There has been considerable controversy over whether or not Fox possesses an advantage over other female fighters. In an interview with the New York Post, former UFC women’s bantamweight champion Ronda Rousey stated she would be willing to fight Fox, saying “I can knock out anyone in the world”, although she believes Fox has an unfair advantage due to having male bone density and structure. She stated in an interview with TMZ, “if you go through puberty as a man it’s not something you can reverse…There’s no undo button on that.” UFC president Dana White stated that “bone structure is different, hands are bigger, jaw is bigger, everything is bigger. I don’t believe in it. I don’t think someone who used to be a man and became a woman should be able to fight a woman.”[13] Eric Vilain, director of the Institute For Society And Genetics at UCLA, disagreed, stating in Time magazine that “Male to female transsexuals have significantly less muscle strength and bone density, and higher fat mass, than males”. Vilain reviewed Fox’s medical records and supported her right to fight as a woman.[2][9]

Vilain, who worked with the Association of Boxing Commissions when they wrote their policy on transgender athletes, was also quoted by Time as saying that, to be licensed, transgender female fighters must undergo complete “surgical anatomical changes … including external genitalia and gonadectomy” (see sex reassignment surgery) and a minimum of a subsequent two years ofhormone replacement therapy, as two years is “the current understanding of the minimum amount of time necessary to obviate male hormone gender related advantages in sports competition”. When asked if Fox could, nonetheless, be stronger than her competitors, Vilain replied that it was possible, but noted that “sports is made up of competitors who, by definition, have advantages for all kinds of genetics reasons”, and said that it would be discriminatory to treat Fox differently than other athletes with potential genetic advantages.[9]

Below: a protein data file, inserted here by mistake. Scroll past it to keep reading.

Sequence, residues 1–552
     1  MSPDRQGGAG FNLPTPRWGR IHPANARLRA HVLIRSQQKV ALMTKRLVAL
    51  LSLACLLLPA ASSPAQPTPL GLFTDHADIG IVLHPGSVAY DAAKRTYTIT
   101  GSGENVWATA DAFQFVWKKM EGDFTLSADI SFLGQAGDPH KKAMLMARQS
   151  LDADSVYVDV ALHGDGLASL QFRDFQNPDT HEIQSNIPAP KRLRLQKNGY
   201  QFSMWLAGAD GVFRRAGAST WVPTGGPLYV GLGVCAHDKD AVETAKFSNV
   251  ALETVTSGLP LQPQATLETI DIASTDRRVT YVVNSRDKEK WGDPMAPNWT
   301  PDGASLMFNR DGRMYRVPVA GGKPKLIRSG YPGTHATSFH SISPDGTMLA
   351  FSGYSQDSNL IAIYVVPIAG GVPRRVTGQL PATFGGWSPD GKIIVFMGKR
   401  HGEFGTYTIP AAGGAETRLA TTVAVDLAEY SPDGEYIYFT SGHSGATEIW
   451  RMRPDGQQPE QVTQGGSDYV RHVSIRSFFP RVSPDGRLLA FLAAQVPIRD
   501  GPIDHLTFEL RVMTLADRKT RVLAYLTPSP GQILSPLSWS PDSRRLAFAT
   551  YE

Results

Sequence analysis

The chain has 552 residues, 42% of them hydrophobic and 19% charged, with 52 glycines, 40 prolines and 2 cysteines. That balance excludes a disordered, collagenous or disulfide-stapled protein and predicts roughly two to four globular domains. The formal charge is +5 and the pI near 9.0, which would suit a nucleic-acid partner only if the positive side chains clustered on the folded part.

Time also noted that, as she has neither testicles nor ovaries, Fox probably has lower testosterone levels than most of her competitors. Fox says that she has less strength and endurance than her female training partner, and that she has to make up for it by perfecting her technique.[9]

Fox responded to the allegations made by Rogan and Rousey in a guest editorial for bloodyelbow.com. She claimed the advantage of taking estrogen resulted in bone density, which is also a side effect of taking testosterone. She challenged Rogan and Rousey to make such claims about black women, who have been noted scientifically to have the same bone density as white men. Finally, she questioned how a ‘”male frame”‘ can produce the massive “punching power” that Rogan speaks of without male muscle mass behind it.[14]

During Fox’s fight against Tamikka Brents, Brents suffered a concussion, an orbital bone fracture, and seven staples to the head. After her loss, Brents took to social media to fuel the controversy surrounding Fox’s perceived advantage: “I’ve fought a lot of women and have never felt the strength that I felt in a fight as I did that night. I can’t answer whether it’s because she was born a man or not because I’m not a doctor. I can only say, I’ve never felt so overpowered ever in my life and I am an abnormally strong female in my own right,” she stated. “Her grip was different, I could usually move around in the clinch against other females but couldn’t move at all in Fox’s clinch…